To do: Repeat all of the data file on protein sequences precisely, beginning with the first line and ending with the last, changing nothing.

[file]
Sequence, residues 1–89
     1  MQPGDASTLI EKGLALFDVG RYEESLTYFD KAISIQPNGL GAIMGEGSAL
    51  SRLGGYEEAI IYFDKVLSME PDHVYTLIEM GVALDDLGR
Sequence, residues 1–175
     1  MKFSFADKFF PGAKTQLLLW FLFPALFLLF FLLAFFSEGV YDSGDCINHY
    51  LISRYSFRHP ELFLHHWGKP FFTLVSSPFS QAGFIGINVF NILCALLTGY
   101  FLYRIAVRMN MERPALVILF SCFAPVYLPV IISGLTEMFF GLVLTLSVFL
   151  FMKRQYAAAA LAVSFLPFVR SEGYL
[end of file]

Sequence, residues 1–89
     1  MQPGDASTLI EKGLALFDVG RYEESLTYFD KAISIQPNGL GAIMGEGSAL
    51  SRLGGYEEAI IYFDKVLSME PDHVYTLIEM GVALDDLGR
Sequence, residues 1–175
     1  MKFSFADKFF PGAKTQLLLW FLFPALFLLF FLLAFFSEGV YDSGDCINHY
    51  LISRYSFRHP ELFLHHWGKP FFTLVSSPFS QAGFIGINVF NILCALLTGY
   101  FLYRIAVRMN MERPALVILF SCFAPVYLPV IISGLTEMFF GLVLTLSVFL
   151  FMKRQYAAAA LAVSFLPFVR SEGYL